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The Perennial Allure of the Royal Family by Gill Paul

Posted on: 06/12/2017 with tags: Another Woman's Husband, Gill Paul, Royal family, The Windsors, Wallis SImpson, 20th Century, Modern

The public euphoria at the engagement of Prince Harry to Meghan Markle is proof, were any needed, that our fascination with the Windsor family is as strong as ever. But why should this be? Monarchs no longer have the power to order beheadings or start wars and crusades. The Queen has, at best, minimal influence on her government and every now and again the newspapers get on their high horses about how much she and her relatives cost the taxpayer. But if polls are to be believed, it’s a price mos…

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Festive Tidbits from Karen Maitland

Posted on: 05/12/2017 with tags: boxing day, christmas, Holly, karen maitland, The Plague Charmer, tidbit, Yule Log, Christmas, Medieval, Middle Ages

Feast of Fools In the Middle Ages, on the eve of the Feast of Circumcision (31 December) when the Magnificat was read out in cathedrals and abbeys – He has put down the mighty – all the junior clergy would start chanting Deposuit! (Put down!). They’d drag senior clergy from their seats and take their places, appointing a fool precentor. For the next few days the ‘humble’ ruled. On 1 January, a donkey carrying a woman and baby was led into the church. At the end of the Mass, the priest brayed thr…

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Tuesday Tidbits from Karen Maitland

Posted on: 28/11/2017 with tags: karen maitland, Medieval facts, The Plague Charmer, Tuesday Tidbits, Medieval, Middle Ages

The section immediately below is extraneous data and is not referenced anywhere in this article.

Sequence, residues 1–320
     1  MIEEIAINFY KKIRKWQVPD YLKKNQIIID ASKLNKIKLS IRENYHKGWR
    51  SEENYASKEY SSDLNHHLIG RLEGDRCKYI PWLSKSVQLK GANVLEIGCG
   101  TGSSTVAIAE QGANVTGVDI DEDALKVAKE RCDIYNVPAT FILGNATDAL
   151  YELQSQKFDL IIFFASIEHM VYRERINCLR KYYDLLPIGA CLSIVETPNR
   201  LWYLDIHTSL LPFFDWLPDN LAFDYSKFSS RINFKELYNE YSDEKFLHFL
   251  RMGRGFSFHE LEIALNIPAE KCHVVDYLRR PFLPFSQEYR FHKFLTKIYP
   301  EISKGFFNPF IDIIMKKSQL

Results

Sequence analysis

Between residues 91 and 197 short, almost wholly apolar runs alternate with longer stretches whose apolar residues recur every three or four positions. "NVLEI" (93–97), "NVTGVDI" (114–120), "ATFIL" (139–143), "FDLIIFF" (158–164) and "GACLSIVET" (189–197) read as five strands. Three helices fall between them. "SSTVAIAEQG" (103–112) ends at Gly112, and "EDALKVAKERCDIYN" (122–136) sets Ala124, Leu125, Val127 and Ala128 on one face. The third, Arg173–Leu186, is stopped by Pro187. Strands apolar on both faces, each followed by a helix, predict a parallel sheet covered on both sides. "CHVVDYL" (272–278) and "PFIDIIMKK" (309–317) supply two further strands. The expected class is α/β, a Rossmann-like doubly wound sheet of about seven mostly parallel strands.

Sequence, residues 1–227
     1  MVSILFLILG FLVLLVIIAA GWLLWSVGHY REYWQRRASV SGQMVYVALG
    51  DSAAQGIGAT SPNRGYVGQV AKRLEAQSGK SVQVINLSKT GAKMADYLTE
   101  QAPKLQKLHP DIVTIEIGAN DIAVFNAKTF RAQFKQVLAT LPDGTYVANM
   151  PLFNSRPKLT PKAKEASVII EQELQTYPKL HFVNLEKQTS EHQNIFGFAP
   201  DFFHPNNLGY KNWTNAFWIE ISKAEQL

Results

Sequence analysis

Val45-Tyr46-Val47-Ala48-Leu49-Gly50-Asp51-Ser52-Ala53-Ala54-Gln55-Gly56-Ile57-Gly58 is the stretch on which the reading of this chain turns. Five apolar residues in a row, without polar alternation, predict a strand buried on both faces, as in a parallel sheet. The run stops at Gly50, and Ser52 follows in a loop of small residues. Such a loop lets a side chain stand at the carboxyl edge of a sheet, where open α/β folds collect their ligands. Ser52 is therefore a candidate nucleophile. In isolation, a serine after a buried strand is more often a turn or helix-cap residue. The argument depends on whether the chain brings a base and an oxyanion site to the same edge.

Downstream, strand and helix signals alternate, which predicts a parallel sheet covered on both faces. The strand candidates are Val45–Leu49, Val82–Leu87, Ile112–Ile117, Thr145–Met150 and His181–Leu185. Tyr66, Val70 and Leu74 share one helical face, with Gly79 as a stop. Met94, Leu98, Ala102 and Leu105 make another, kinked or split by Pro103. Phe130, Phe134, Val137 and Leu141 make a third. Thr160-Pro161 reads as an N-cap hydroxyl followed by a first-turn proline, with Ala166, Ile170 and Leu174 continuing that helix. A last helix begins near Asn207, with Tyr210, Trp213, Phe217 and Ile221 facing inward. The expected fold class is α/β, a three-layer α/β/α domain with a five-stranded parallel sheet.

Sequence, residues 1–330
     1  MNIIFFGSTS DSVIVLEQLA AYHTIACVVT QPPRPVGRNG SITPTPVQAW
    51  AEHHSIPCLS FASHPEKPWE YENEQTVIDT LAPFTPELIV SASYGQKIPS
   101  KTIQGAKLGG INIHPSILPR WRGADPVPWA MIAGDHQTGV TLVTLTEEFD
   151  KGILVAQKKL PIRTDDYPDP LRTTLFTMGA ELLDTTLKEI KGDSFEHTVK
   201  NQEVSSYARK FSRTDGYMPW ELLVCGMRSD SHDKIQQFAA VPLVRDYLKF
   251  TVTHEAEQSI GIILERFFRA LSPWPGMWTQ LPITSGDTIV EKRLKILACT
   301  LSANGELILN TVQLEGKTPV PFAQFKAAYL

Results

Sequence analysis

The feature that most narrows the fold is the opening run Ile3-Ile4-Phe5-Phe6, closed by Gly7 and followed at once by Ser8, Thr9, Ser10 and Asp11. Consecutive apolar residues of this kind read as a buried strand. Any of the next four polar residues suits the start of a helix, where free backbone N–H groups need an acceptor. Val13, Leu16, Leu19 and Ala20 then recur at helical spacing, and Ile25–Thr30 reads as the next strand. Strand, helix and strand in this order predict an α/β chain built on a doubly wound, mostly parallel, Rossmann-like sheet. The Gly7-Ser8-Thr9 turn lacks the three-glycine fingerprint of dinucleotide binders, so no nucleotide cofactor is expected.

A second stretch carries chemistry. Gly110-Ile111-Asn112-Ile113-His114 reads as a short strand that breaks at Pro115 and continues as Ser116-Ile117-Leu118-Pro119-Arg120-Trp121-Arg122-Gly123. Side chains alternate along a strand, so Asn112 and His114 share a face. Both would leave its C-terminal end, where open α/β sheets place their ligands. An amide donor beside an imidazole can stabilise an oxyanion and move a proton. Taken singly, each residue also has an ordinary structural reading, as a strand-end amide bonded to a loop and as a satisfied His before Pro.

Rock-a-bye Baby To prevent babies being abandoned in unsafe places, some religious houses in the Middle Ages, introduced Foundling Wheels. These were swivelling barrels built into their walls that had a hole cut into one side. A mother would creep up to the outside wall, pop the baby in the barrel, ring the bell to alert the monks or nuns, then hurry away. The barrel would be turned around by those inside and the baby safely removed to be cared for in the monastery. Some Orders would only take i…

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What’s a passionate man to do? Sarah Shoemaker

Posted on: 15/11/2017 with tags: Charlotte Bronte, Divorce, Jane Eyre, Mr Rochester, Nineteenth Century, Sarah Shoemaker, 19th Century

Love, marriage and divorce in the world of Jane Eyre Sometimes, seeing Mr Rochester tied down to an insane wife and loving Jane, it would seem easy to ask: Why doesn’t he just get a divorce? That may be cruel, but, indeed, what kind of marriage have they anyway? Or have they ever had after the first few months? I’m sure I must have asked that question when I first read Jane Eyre. Some history will make Rochester’s situation a little clearer: Before the latter part of the nineteenth century, marr…

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